British Columbia announced on Tuesday that it has opened up an urgent and primary care centre in Vernon aimed at giving North Okanagan residents without a family doctor better access to health care and keeping non-emergency cases out of the emergency room.
B.C. Health Minister Adrian Dix said the goals of the centre are to provide urgent primary care for those who either don’t have a family physician or can’t get in to see them in a timely fashion and to connect patients with doctors or nurse practitioners to provide long-term care.
The centre is currently operating out of the Vernon Downtown Primary Care Clinic and is expected to move to a permanent location at 3105 28th Ave. in downtown Vernon next spring.
People will be able to access services seven days a week through both drop-in and scheduled appointments. The centre will be open on evenings and weekends to give patients more access to health care after hours.
The province hopes the expanded access to care will keep non-emergency cases out of the hospital.
Dix said more than a third of Vernon emergency room cases would currently be better handled in a primary care setting.
The centre will be staffed by a range of health care professionals including doctors, nurse practitioners, nurses, social workers and mental health workers so patients won’t necessarily be seen by a doctor.
“What we are aiming to do is provide care through a team,” explained Roger Parsonage, Interior Health’s executive director of clinical operations for the area.
“People come in, they will be assessed and they will get the care from the person who is most appropriate to meet their needs.”
Vernon has struggled to keep its roster of walk-in clinics. Two have closed in the last few years, each blaming a lack of doctors.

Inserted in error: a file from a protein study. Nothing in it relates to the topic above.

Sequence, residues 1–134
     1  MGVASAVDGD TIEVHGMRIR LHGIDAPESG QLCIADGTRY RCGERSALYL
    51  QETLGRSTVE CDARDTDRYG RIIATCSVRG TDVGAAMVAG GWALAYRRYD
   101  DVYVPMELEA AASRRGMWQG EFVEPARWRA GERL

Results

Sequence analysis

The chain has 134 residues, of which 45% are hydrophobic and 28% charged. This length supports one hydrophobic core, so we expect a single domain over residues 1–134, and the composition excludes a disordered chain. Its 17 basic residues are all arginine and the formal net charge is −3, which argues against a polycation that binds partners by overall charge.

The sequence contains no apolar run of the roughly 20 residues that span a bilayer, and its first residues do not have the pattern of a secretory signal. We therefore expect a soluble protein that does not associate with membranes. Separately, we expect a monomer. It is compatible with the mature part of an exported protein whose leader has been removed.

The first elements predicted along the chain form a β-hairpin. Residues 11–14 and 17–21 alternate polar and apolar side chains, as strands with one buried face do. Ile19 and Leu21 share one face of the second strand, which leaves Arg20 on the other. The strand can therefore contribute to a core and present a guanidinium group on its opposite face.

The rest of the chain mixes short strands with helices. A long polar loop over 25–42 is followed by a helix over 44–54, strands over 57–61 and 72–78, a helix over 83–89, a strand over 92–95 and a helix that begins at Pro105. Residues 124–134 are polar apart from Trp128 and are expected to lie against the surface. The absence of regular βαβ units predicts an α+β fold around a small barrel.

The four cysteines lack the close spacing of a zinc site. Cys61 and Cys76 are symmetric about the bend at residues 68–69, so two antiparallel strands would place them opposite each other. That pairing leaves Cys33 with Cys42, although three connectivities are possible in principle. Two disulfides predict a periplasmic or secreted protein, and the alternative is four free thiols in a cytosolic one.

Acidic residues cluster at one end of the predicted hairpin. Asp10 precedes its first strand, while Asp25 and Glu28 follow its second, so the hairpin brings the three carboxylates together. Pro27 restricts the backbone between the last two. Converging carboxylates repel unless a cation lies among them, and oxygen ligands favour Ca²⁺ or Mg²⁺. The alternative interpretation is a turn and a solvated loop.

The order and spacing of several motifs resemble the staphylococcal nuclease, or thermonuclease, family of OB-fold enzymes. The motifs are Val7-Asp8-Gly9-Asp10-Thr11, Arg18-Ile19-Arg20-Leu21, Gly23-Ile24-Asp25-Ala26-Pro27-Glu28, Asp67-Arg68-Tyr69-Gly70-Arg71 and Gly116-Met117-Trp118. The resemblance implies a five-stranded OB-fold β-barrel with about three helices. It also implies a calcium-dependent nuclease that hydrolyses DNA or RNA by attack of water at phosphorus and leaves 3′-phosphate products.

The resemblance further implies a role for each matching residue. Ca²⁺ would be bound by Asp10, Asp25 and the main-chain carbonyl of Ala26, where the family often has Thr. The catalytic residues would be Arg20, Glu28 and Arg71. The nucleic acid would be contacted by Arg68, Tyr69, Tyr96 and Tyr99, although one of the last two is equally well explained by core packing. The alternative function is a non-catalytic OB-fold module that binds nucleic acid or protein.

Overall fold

The Gartree Medical Clinic shut its doors in March 2017. At the time, a staff member told Global News the clinic was closing because it was down to only one doctor and that the physician couldn’t keep operating the walk-in clinic alone.
In 2016, the Vernon Family Doctors Clinic also shut its doors for good, reportedly because there weren’t enough doctors to staff the facility. In that case, however, a new walk-in clinic opened to take its place.
Dix said Vernon’s challenges with walk-in clinics underline why it was a high priority for the province to open an urgent and primary care centre in Vernon.
He says he does not anticipate any problems with finding doctors and other professionals to staff the clinic.
The health minister suggested that having the clinic managed by Interior Health and the Shuswap North Okanagan Division of Family Practice instead of doctors themselves, which is the situation at private walk-in clinics, may help with recruitment.
“I think one of the exciting things we are doing is changing the circumstances of family practice doctors in British Columbia. Many resident doctors prefer alternate payments than fee-for-service. They’ve indicated that to us so that’s obviously a key part of our hiring of new doctors,” Dix said.
It’s a strategy that’s already been employed elsewhere in Interior Health. An urgent and primary care centre has been operating in Kamloops since last year, and another one is expected to open in Kelowna in December.
The provincially-funded project is expected to cost $3.5 million a year to run and see more than 130 patients each day.